For the roasted tomatoes: preheat the oven to 400˚F. Halve the tomatoes, and place in a single layer on a silpat or parchment paper lined baking sheet. Drizzle with a tablespoon of olive oil and gently toss with your hands to evenly coat. Roast for 15-20 minutes, or until the tomatoes are slightly wrinkled and reduced in size. Remove from the oven, and set aside to cool. The tomatoes are best roasted on the day that you plan to make the Mujaddara.

Other serving ideas: - top with chicken or steak kabobs for a heartier dinner - top with a fried egg, avocado, and hot sauce for breakfast or brunch (I do this with Mujaddara leftovers) - add roasted or grilled squash or replace the cooked greens with arugula (added just before serving).

(On an unrelated note, can we all agree that my friend Vanessa has the most amazing wine stopper you have ever seen?)

tomato salad with red onions, capers, and pecorino

autumn, salads, summer, vegetarianFieldandForestComment
Processed with VSCOcam with c1 preset

It took a very long time for our garden's tomatoes to begin ripening, but three of our plants have started coming-of-age as of late.  Our current MVP is a yellow and pale orange tomato that grows to the size of a slightly smushed softball; it seems like every day we rescue another fruit about to tear itself from the plant with its weight, and they've proven to be excellent keeping tomatoes so we don't shy away from picking them even when they won't be eaten for a number of days. Sadly, the stakes we had in front of each plant are faded or have been redistributed by Lucca, so I don't actually remember the name of the variety (they are yellow with a peach-colored star pattern on the blossom end... Bueller?  Bueller?).  I just call them Tequila Sunrise Butt tomatoes in my head.  And sometimes out loud.

This recipe is one of those ones you make when you look at the tomatoes on your counter and think "what the pajamas am I going to do with these."  I'll tell you what you're going to do.  You're going to grab the jar of capers that sits in your fridge for such emergencies, dice up a lonely red onion, and crumble the end of a wedge of Pecorino Romano and you're gonna make some MAGIC.

Salad magic, that is.

Mix and match ingredients and kinds of tomatoes depending on what you have on hand.  No white balsamic?  White wine vinegar, red wine vinegar, or even lemon juice would be delicious.  No red onion?  Shallots or chives would be lovely (as would green onion, but I'd reduce the quantity a bit so it doesn't smack you too hard in the face).  If you want to be fancy, of course you can shave the cheese if you prefer, but I happen to like the rustic quality of broken crumbles of pecorino.  Not to mention there is something so decadent about eating large pieces of sharp aged cheese, and the fact that there are a limited number of pieces in the salad makes the times you do bite into the cheese extraordinarily flavorful.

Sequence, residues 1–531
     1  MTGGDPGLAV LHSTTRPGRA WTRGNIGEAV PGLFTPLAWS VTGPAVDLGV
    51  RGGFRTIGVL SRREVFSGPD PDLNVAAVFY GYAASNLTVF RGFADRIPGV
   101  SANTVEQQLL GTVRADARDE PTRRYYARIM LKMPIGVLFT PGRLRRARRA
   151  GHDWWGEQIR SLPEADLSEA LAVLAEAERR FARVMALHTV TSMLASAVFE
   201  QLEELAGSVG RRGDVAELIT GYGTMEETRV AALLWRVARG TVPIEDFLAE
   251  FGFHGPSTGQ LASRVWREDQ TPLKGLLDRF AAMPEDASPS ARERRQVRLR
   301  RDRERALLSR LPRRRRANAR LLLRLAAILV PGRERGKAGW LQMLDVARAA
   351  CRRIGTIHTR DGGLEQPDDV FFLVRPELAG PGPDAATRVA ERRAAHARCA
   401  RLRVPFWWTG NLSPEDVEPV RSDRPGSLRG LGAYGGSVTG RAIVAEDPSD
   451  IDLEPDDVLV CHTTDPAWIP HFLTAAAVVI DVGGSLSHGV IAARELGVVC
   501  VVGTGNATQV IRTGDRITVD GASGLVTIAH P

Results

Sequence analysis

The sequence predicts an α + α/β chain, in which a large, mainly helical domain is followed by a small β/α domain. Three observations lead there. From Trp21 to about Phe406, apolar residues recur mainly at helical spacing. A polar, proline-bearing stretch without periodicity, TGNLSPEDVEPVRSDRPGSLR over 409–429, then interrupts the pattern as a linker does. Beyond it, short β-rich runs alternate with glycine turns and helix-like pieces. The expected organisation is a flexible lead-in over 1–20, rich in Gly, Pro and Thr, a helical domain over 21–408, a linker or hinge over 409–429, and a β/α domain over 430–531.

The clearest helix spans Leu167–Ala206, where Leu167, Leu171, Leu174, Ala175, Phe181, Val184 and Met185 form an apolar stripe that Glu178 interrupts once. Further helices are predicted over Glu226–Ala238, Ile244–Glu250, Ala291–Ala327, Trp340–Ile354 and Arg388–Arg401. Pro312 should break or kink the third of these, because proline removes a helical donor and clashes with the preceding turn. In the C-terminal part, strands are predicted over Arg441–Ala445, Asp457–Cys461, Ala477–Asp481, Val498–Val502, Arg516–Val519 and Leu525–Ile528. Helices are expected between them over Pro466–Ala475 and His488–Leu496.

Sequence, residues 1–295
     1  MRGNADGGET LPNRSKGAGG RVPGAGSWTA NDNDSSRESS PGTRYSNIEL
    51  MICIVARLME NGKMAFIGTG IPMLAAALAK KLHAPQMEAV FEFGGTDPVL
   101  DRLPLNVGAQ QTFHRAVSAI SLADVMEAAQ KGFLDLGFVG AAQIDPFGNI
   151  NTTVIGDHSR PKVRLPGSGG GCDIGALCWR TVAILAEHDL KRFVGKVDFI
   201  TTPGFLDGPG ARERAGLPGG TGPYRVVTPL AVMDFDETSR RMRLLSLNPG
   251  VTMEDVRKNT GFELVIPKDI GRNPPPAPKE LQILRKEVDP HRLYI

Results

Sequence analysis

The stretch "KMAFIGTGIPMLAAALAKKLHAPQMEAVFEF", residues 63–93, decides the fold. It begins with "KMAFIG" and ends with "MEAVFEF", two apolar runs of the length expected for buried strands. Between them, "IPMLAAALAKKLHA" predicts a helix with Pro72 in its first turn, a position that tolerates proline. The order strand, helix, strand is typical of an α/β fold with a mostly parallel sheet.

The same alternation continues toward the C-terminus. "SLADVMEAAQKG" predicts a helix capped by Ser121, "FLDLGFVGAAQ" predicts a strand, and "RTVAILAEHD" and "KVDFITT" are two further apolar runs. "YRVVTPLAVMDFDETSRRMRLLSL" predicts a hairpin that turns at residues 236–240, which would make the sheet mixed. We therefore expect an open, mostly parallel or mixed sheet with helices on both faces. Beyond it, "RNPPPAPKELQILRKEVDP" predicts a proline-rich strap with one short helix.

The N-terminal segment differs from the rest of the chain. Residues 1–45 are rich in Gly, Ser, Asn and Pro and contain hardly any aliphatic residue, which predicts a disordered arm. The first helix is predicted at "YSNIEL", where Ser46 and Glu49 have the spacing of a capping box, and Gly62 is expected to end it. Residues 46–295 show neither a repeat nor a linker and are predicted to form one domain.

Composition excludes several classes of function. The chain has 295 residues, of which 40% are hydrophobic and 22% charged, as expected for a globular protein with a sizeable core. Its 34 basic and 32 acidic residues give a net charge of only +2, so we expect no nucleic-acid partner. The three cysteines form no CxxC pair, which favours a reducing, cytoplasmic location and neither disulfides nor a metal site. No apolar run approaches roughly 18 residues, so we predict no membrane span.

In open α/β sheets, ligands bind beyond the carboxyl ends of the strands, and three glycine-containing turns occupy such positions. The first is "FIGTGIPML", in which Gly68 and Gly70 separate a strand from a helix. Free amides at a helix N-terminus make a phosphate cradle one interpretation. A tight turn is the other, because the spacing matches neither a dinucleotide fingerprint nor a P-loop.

Tomato Salad with Red Onion, Capers, and Pecorino Romano
serves 2-4

1/2 cup finely diced (1/4 inch dice at largest) red onion
3 tablespoons white balsamic vinegar
large pinch kosher salt (about 1/3-1/2 teaspoon)
2 grinds black pepper
3 tablespoons extra virgin olive oil
3 pounds total mixed heirloom tomatoes, sliced and cherry tomatoes, halved
1 1/2 tablespoons capers
1/2 cup crumbled Pecorino Romano, or other hard sheep's milk cheese

Place the onion in a small bowl, and add the vinegar, salt, and pepper.  Let it sit for 2-3 minutes so the salt has time to dissolve and the onion absorbs a little of the seasoning.  Add the olive oil, mix to combine, and set aside.

Arrange the tomatoes on a serving platter or individual plates.  Spoon the dressing evenly over the tomatoes.  Scatter the capers over the dressing, and top with the crumbled Pecorino Romano.  Serve immediately.

Serving Suggestion (omnivorous): include as a topping on a steak sandwich with arugula, or as a relish over a pan-seared steak or grilled salmon (you may choose to omit the cheese if you serve this over fish, as fish and cheese are not always friends).

Serving Suggestion (vegetarian): serve over grilled eggplant and summer squash and alongside polenta.